There are different constructions that may be relevant. In all there is the use of cognate forms. Zech 1:2 in Christopher's email is an instance of a noun and verb followed by a cognate noun (this construction is seen generally as a verb with a cognate object - see Gesenius-Kautsch §117q which uses the term 'internal object' or schema etymologicum; see also Jouon-Muraoka §155o. The construction you are referring to is when an infinitive absolute form is used before or after another form of the same verb.

                ---end quote---

                (The construction I referred to was "running he ran" = "he really ran".)

                Best,

                Tim Finney

                --- In textualcriticism@yahoogroups.com, "Danger" <sigebryht@...> wrote:
                >
                > Dear Colleagues,
                >
                > I am writing a paper for eventual publication (hopefully), but I need to know the correct term for the literary phenomenon I am describing in the Hebrew Scriptures.
                >
                > The concept I am describing is when the same lexical root is repeated in a sentence to provide emphasis.
                >
                > For example, note the repetition of QCP in Zechariah 1:2 - "The L-rd was angry with anger" (i.e., the L-rd was very angry). In this instance, the lexical root has the same basic meaning in both occurrences.
                >
                > Many commentators incorrectly call this "paranomasia" (or "paronomasia"), which is when a single lexical root is used with different meanings in the same text. (An example would be the use of GENNAO ANOTHEN in John 4, where Jesus is apparently using the expression to mean "born from above," while Nicodemus misunderstands him to mean "born again.")
                >
                > In other words, paranomasia is a pun. However, I need the correct term for the use of a repeated lexical root with the SAME meaning, not a word play.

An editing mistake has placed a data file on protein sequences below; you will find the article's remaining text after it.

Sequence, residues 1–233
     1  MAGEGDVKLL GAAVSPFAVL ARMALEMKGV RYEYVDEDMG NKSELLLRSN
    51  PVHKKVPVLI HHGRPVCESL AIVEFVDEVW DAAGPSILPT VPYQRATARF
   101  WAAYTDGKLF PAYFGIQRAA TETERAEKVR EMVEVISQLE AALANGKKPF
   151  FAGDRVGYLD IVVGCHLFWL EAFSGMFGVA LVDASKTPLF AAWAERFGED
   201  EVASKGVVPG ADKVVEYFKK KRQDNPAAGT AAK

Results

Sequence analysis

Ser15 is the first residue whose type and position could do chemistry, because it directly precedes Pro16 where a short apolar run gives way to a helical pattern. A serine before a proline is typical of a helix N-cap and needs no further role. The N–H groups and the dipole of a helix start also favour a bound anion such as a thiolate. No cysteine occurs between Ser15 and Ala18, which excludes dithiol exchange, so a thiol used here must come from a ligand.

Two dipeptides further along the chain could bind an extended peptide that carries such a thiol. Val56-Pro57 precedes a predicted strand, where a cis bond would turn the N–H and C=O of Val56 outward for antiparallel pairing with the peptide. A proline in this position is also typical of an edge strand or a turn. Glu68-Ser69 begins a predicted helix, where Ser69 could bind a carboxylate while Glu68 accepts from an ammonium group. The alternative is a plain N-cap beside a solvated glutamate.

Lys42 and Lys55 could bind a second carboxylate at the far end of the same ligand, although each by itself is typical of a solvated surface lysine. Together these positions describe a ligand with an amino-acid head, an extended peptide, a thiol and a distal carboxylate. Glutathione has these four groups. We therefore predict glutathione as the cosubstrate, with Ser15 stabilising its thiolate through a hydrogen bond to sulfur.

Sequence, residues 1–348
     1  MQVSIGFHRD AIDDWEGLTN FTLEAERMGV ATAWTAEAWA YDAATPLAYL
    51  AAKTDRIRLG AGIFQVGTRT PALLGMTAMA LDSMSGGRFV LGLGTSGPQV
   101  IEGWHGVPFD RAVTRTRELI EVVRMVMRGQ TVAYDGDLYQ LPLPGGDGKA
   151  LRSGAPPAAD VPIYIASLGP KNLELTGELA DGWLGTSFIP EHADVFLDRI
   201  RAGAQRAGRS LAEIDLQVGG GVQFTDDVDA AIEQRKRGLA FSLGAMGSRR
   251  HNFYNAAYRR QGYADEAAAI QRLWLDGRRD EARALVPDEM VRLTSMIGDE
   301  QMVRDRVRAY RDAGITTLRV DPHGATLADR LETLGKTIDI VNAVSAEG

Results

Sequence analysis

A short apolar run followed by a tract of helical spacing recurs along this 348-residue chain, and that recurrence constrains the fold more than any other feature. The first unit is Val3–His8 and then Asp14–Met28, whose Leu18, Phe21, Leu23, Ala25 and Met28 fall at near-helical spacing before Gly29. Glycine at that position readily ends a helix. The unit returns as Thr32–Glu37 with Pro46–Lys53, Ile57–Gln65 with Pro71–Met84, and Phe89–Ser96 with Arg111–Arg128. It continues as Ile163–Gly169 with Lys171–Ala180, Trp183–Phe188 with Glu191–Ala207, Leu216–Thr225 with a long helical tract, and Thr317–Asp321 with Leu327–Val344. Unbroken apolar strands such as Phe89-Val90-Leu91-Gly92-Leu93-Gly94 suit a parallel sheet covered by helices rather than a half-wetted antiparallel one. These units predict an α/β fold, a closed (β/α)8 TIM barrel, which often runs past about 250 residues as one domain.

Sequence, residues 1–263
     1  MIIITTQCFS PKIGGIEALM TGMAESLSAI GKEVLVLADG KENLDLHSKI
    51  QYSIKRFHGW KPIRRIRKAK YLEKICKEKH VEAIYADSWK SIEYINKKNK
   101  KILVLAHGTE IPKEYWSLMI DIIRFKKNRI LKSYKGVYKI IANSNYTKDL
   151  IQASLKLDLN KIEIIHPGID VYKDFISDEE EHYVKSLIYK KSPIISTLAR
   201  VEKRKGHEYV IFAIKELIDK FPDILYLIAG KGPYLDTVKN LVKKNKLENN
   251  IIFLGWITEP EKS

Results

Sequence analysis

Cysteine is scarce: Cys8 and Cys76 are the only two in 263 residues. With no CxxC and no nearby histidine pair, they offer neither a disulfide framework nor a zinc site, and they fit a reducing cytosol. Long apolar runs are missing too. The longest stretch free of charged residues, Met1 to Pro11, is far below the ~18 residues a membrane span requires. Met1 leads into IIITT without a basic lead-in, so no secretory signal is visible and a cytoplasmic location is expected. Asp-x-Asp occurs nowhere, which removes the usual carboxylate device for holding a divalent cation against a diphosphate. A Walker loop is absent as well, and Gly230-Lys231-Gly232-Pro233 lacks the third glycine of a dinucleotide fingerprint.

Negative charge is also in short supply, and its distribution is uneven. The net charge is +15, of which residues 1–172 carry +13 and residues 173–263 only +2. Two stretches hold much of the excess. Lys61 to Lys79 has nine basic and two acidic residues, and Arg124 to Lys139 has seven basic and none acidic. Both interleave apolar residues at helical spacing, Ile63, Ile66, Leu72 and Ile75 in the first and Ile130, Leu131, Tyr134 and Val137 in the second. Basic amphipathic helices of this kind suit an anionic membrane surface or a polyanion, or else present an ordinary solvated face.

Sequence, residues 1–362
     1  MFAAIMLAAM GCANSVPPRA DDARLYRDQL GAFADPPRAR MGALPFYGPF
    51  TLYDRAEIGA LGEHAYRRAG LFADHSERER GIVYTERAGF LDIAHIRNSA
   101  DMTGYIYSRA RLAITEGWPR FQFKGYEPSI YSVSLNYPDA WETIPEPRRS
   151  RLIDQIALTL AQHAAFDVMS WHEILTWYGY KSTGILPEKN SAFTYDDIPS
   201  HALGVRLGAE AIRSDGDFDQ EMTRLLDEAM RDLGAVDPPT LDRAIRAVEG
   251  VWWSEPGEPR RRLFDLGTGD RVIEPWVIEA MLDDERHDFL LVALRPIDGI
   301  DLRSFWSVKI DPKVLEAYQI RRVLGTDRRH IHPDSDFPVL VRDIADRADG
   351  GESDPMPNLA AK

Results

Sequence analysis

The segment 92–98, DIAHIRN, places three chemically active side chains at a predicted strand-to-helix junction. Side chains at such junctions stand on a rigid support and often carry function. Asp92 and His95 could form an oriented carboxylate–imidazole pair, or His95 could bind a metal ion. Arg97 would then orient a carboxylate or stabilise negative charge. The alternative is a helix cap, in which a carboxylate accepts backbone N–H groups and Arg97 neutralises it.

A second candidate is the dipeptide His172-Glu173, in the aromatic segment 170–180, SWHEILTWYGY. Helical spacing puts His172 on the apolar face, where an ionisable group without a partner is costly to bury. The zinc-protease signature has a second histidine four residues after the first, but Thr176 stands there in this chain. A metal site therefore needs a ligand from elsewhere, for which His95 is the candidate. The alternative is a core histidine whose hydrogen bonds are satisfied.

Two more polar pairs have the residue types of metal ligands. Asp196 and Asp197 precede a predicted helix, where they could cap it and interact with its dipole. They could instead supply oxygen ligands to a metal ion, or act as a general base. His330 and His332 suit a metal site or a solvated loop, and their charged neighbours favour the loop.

>
                > For an example in Greek, see the expression "PARANGELIA PARENGEILAMEN" IN Acts 5:28 - "We STRICTLY commanded." I suspect that the repetition of the same lexical root for emphasis here reflects Semitic usage. In other words, the author of Acts may be translating this expression directly from the Aramaic or Hebrew injunction issued by the Sanhedrin in this account.
                >
                > What is the correct label for this phenomenon in Hebrew literature?
                >
                > Sincerely,
                >
                > Christopher Lovelace
                >
              • bucksburg
                ... Actually, I prefer diplorhema, if I have to coin the word myself. An interesting case of Semetic diplorhema is in the account of the regicide of King
                Message 7 of 8 , Apr 5, 2013
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                  --- In textualcriticism@yahoogroups.com, "Danger" <sigebryht@...> wrote:

                  >> For an example in Greek, see the expression "PARANGELIA PARENGEILAMEN" IN Acts 5:28 - "We STRICTLY commanded." I suspect that the repetition of the same lexical root for emphasis here reflects Semitic usage. In other words, the author of Acts may be translating this expression directly from the Aramaic or Hebrew injunction issued by the Sanhedrin in this account.<<

                  Actually, I prefer diplorhema, if I have to coin the word myself. An interesting case of Semetic diplorhema is in the account of the regicide of King Amaziah in 2 Chronicles 25:27.

                  The Hebrew uses a diplorhema of QSR (conspire), and the LXX translates it with a Greek diplorhema, EPEQENTO AUTW EPIQESIN (in 2 Kings 14:19, SUNESTRAFHSAN EP AUTON SUSTREMMA).

                  In a similar context, 2 Kings 21:23 has QSR without any diplorhema in Hebrew or Greek.

                  Daniel Buck
                • bucksburg
                  ... I am writing a paper for eventual publication (hopefully), but I need to know the correct term for the literary phenomenon I am describing in the Hebrew
                  Message 8 of 8 , Apr 18, 2013
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                    --- In textualcriticism@yahoogroups.com, "Danger" <sigebryht@...> wrote:
                    >> Dear Colleagues,

                    I am writing a paper for eventual publication (hopefully), but I need to know the correct term for the literary phenomenon I am describing in the Hebrew Scriptures.

                    The concept I am describing is when the same lexical root is repeated in a sentence to provide emphasis.

                    For example, note the repetition of QCP in Zechariah 1:2 - "The L-rd was angry with anger" (i.e., the L-rd was very angry). In this instance, the lexical root has the same basic meaning in both occurrences.<<

                    I don't know why this hasn't been mentioned (I'd forgotten it myself), but the official term is 'infinitive absolute.'

                    http://www.textexcavation.com/infinitiveabsolute.html

                    Daniel Buck